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Are employees required to take breaks and be paid overtime in California?

Date : 1/9/2017  
Name :  Admin 
State :  CA 
URL :   
Category :  Employment Law 
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Are employees required to take breaks and be paid overtime in California?

California's economy has been struggling for some time. This has led to stagnating salaries, reduced work hours and few job opportunities. Employers on their part are also looking for measures to cut on their bottom man and save more cash. They are forcing an employee to take pay cuts or take days of unpaid furlough time.

These measures are acceptable as per California break laws. However, there are times that the employers hurt the employees by robbing them of their rightful remuneration. Unfortunately, many workers do not know their rights.

employee lunch break laws in California

Overtime pay

Overtime pay is familiar with those that are paid hourly. For any extra hour, that one works over eight hours a day or above 40 hours a week, he or she entitled to one and a half times the hourly pay. However, some employers force workers force workers to sign incorrect cards or deny workers their overtime pay. Such employees are entitled to full wages owed plus court and attorney fees.

The other area where overtime pay is denied is when employers misclassify exempt and non-exempt workers. Certain white color employees in the executive, professional, administrative, and outside sales are not entitled to overtime. However, some employers misclassify their employees in these groups denying them overtime pay.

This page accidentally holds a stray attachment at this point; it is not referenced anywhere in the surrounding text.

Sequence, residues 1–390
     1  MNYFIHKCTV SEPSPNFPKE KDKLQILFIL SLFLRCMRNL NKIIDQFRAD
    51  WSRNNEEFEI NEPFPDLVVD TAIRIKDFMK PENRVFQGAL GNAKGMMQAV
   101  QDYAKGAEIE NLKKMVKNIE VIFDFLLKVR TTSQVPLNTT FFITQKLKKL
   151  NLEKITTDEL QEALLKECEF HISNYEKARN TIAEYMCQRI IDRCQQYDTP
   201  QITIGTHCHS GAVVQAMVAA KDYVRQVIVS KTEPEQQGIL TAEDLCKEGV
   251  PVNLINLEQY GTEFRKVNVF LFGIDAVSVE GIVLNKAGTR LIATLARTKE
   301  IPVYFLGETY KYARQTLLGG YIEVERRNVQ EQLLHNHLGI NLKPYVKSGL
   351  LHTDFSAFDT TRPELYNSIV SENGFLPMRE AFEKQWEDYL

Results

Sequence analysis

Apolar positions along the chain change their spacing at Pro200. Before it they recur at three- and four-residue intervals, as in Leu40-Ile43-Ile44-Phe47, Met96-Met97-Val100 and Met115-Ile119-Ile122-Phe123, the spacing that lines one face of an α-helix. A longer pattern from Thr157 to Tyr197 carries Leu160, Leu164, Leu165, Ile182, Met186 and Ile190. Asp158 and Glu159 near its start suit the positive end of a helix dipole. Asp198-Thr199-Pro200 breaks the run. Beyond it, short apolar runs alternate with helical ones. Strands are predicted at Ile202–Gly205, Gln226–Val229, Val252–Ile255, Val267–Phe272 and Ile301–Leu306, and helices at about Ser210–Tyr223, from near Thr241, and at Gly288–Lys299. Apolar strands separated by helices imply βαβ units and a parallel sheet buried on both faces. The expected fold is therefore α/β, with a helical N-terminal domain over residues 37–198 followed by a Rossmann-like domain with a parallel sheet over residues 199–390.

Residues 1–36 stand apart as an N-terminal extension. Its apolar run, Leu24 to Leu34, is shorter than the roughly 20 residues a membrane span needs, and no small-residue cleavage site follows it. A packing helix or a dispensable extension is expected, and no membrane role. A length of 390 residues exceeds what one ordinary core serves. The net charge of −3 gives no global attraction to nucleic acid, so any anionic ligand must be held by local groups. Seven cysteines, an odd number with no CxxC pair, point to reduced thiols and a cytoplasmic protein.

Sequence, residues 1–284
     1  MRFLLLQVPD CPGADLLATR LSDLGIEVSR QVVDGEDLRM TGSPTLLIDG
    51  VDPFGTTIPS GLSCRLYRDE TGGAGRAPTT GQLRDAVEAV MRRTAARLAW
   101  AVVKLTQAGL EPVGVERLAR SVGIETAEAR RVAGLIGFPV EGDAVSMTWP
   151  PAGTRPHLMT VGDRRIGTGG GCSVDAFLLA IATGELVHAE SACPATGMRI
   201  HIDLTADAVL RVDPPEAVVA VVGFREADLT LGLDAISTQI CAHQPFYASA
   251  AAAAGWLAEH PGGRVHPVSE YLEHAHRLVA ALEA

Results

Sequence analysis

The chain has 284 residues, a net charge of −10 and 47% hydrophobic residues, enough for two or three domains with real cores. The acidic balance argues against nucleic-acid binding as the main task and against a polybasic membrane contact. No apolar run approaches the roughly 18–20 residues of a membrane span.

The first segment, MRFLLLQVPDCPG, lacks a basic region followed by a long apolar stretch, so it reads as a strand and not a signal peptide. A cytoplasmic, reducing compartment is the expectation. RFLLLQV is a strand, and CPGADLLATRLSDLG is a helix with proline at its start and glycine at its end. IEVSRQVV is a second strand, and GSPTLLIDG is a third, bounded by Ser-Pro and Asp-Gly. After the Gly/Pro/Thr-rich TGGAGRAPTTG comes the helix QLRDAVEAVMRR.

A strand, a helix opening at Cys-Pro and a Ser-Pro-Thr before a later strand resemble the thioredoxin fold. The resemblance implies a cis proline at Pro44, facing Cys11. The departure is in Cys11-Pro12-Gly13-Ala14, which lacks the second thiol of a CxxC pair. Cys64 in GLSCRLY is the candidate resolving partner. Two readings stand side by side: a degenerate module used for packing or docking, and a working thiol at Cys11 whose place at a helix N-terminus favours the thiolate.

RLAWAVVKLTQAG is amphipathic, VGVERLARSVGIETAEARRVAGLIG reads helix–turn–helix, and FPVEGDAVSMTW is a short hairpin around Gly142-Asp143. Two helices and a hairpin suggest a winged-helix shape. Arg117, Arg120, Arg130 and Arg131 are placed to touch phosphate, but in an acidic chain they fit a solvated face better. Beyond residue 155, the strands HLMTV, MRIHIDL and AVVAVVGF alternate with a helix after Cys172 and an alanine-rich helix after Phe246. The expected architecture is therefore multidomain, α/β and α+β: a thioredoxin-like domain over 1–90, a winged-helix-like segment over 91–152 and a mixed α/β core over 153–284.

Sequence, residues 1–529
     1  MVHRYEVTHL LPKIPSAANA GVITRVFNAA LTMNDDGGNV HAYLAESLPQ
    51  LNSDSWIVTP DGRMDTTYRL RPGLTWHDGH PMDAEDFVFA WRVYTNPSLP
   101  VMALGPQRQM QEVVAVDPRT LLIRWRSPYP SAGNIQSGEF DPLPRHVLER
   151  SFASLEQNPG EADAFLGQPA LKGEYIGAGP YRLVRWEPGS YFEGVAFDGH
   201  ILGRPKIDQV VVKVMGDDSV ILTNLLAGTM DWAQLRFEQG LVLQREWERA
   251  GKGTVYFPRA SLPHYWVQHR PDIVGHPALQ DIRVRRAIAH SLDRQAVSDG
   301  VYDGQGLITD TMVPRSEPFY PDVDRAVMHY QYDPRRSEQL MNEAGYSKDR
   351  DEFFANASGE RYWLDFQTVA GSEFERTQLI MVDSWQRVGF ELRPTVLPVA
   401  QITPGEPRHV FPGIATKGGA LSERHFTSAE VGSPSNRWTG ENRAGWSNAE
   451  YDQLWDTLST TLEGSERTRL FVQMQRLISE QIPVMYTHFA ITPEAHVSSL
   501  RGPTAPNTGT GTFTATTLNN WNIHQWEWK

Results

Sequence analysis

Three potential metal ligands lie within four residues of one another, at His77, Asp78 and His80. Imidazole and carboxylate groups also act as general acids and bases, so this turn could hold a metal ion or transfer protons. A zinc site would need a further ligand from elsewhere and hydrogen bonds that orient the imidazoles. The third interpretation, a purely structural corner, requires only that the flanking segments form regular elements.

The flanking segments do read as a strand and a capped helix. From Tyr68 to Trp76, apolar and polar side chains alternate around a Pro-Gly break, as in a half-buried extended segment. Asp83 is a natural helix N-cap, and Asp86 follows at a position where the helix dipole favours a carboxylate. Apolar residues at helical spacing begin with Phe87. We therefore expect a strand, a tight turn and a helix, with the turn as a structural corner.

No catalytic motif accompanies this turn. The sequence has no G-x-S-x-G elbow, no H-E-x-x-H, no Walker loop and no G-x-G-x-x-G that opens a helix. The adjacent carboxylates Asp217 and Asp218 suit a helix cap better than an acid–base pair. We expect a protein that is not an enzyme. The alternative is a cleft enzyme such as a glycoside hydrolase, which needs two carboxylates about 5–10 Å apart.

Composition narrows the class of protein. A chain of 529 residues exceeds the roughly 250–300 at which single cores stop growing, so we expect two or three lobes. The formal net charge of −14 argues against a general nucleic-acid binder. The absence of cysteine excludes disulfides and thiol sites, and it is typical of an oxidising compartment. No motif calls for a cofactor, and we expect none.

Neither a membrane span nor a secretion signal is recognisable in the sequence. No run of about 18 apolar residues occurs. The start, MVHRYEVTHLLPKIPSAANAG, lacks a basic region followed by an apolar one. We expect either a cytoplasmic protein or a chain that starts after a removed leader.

Mandatory male breaks

The exempt and non-exempt employees are served differently in line with meal breaks. For non-exempt employees, there must be a 30-minute meal break during the shift if it extends for more than five hours. If the shift is ten hours, these breaks must be at least two. Hourly employees clock off during the meal times. The employees have a right to forgo the meal times for shifts less than six hours.

Penalties for denied meal breaks

Every day that the employer fails to give a meal break, he should pay an hour worth of regular pay to the employee. If the break is not duty-free, the employer must reimburse the employee. This also applies where the employee is required to remain on site during the break. The exception is in cases where the job requirement makes it hard to be relieved of the duties. This agreement for such must be in writing.

Mandatory rest breaks

Non-exempt employees are entitled to a ten-minute break after four hours of work. Employees can waive the breaks and should not be coerced to do so. Each day that the breaks are denied, the employee is entitled to an hour's pay. The breaks are part of the working hours, and thus, employees should remain on the premises.



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